Our own Brain Highways experience gives some credence to such concerns. We have been continually asked to pay to advertise on Yelp, but we have not done so. And guess what? We have just three visible Yelp reviews of Brain Highways. Two of those reviews are not positive, while the one that appears . . . is like the shortest review ever.

Now, if those three reviews had truly been all that was ever written about Brain Highways, I would still stand by my conviction that the two negative reviews do not reflect the overwhelming positive feedback we’ve received over the years. But I’d accept those posts as reflections of those people’s experiences. (I would wonder, though, why such comments were never expressed either to staff or as responses to any of our questionnaires during the four months the reviewer was in the program.)

However, Yelp has currently filtered TEN Brain Highways reviews—and nine of those had 5-stars. Hmmmmm . . .

So, that’s not only frustrating to us, but it is also greatly misleading to the public.  For example, if people who are interested in brain organization just read those three unfiltered reviews, they may decide that neuroplasticity is not possible or feasible for the average family. Yet, that conclusion is nowhere in sync with 6,000+ participants who have completed the Brain Highways program and have experienced great changes and improvements in their lives.

How Yelp Entices People in their Pons

I also have concerns when people start to get a distorted sense of power—which is additionally common among people with an underdeveloped pons. That’s because, in my experience, such intoxicating power only escalates. For example, with Yelp’s encouragement, the more a person “yelps,” the higher probability reviews from such people will stay posted, rather than be relegated to the filtered junkyard.

So what does that mean? Well, negative people will continue to get some thrills from seeing their attacking reviews remain in print, while positive people will likely get discouraged (and not continue) to write reviews, especially after seeing what they wrote didn’t make the “cut” by Yelp standards. However, that scenario then actually affects the public the most since they now get a distorted view of a business (and most likely, do not even know that other reviews have been filtered).

As a business owner, my only Yelp options are to ignore the review (but then that could easily be interpreted as the reviewer was “right” since there is no response to say otherwise), comment below the review (but doing that then automatically suggest the review is credible and in need of a response) or contact the reviewer via the secret Yelp way (meaning the reviewer’s identity still remains secret).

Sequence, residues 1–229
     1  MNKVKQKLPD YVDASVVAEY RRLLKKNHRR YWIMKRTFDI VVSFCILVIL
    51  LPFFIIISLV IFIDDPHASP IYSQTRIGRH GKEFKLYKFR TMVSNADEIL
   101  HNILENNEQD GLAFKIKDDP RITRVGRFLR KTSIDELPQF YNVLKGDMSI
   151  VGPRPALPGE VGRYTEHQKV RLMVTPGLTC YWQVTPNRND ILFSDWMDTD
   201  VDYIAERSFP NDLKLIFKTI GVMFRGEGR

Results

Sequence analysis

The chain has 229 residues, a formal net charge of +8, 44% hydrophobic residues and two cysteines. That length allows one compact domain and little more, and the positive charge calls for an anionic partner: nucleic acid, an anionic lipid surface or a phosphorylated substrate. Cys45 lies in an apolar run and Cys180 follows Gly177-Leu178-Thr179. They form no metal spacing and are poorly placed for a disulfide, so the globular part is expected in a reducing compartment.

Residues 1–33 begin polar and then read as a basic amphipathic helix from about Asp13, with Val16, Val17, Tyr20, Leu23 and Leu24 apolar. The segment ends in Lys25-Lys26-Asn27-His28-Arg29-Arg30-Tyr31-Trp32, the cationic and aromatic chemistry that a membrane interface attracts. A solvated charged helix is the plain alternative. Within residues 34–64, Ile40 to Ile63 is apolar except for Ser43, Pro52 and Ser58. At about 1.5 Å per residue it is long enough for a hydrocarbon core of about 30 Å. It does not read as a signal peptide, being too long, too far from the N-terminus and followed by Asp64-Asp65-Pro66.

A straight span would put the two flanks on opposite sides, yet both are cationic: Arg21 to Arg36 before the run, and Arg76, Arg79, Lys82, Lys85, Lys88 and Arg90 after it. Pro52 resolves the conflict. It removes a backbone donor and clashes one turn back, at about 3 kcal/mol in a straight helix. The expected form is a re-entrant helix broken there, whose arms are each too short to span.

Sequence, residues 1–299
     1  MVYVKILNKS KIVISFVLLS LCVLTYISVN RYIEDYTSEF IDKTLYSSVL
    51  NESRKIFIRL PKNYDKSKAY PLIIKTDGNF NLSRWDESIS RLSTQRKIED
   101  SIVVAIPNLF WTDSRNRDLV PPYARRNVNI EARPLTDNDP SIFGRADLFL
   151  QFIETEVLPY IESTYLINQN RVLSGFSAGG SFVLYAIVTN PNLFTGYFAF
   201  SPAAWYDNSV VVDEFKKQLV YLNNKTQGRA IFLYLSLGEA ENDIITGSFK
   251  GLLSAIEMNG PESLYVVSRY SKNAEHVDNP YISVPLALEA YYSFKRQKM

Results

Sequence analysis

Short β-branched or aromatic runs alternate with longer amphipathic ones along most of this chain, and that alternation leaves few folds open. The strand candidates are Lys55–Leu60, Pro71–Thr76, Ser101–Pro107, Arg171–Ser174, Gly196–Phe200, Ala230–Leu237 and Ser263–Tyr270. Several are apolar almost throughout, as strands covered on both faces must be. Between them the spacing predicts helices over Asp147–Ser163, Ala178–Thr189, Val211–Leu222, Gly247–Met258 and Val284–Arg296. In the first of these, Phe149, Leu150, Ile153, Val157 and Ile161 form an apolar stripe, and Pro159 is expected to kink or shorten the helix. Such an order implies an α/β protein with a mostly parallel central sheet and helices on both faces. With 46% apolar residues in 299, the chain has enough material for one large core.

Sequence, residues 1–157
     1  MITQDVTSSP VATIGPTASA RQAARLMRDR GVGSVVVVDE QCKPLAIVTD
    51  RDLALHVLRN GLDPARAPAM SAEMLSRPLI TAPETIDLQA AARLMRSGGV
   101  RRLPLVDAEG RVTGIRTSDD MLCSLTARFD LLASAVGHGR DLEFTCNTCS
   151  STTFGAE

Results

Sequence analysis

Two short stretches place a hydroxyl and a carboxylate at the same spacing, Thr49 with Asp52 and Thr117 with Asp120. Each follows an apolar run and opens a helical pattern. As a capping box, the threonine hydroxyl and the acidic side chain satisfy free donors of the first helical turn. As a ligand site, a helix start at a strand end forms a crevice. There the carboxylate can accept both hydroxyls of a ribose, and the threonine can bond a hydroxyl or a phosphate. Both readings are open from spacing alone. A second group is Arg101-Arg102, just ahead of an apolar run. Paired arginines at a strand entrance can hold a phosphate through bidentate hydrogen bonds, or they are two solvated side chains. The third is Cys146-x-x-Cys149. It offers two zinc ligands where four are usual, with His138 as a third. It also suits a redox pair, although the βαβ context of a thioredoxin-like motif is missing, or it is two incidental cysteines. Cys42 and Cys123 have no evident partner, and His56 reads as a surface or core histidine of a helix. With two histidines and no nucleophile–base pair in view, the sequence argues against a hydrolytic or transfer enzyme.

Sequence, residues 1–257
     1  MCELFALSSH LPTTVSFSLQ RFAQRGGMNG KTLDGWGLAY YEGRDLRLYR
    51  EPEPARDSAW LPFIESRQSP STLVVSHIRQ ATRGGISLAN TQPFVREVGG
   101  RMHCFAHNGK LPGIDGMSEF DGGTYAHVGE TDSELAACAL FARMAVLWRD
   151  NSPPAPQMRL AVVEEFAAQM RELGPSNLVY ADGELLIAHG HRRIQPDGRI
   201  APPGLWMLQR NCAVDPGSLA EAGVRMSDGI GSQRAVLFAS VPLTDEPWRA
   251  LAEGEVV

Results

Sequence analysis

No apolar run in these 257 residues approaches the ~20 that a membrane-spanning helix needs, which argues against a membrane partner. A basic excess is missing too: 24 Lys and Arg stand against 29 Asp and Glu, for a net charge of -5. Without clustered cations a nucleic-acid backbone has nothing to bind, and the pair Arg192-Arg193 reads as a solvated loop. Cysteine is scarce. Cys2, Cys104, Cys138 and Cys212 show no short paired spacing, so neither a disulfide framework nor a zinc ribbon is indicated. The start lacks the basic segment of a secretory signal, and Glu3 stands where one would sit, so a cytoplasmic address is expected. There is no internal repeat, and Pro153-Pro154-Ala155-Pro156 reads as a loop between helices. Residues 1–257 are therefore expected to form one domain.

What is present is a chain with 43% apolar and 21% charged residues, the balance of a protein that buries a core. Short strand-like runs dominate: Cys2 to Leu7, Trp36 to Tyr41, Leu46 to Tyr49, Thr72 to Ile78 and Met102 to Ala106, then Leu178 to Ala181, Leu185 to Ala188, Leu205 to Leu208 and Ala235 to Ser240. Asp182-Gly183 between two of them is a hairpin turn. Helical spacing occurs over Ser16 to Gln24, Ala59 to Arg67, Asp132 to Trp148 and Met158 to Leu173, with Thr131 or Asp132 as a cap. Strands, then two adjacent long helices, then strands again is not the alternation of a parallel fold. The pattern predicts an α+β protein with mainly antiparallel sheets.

But since the Yelp reviewer remains anonymous at all times, responding directly to that person may just be a total waste of time since the reviewer could be a competitor who fabricated the review as a way of sabotage. In such case, no response is going to “rectify” anything.

Viewing Yelp from the Cortex

There’s always a chance to learn something from any situation, right? So what might we glean from Yelp?

Well, I for one no longer give credence to any rating or review (and not just on Yelp)—positive or negative—if the person’s full name is not included.  That seems simple enough, and such a stance could greatly influence exchanges on the internet if that mindset became mainstream.

Yelp might also encourage us to reflect on whether we’ve provided a way for people to express their concerns in a positive, productive manner wherever we are in charge—whether it’s at a business or our home. Note that such an approach is opposite of encouraging people to whine and complain.

At Brain Highways, we’ve created a whole system called “Taking Care of Business” that presents a positive approach for both parents and kids to express whatever they’re thinking. But this way of communicating is based on a desire to first connect with someone and then explore ways to find common ground in order to move forward. However, if someone is not interested in making a sincere connection or finding common ground, well then, I admit . . . the Yelp format is going to be a very appealing alternative.

When thinking about Yelp, a positive, new idea also came to mind. I’d love to see someone create an online Help format that focuses on problem-solving, rather than just encouraging a recap of whatever irritated, annoyed, and aggravated someone.  Such a site might have a simple format that looks something like this:

  • Write your full name.
  • Write the name of the business.
  • Write a few statements that describe your original concern with this business.
  • Write who (in the business) you contacted to address this concern.
  • Write how quickly you contacted that person (from when the concern began).
  • Write how you presented your concern to move the situation forward.
  • Write how the person (from the business) responded.

Now that kind of information might actually be helpful to someone interested in learning about a business. It would also require the person who experienced a problem to take responsibility by first directly contacting the business and by attempting to resolve the situation.

Again, please note that I am not judging anyone who has written a Yelp review. I fully acknowledge that people have the right to post whatever review they want, as well as concede that Yelp has the right to also set up its business as it pleases.

Just can’t help wishing there was a demand for a “Help” site, where the focus was on assisting people to move forward in a positive way and ensuring that the public was given an accurate view of a business.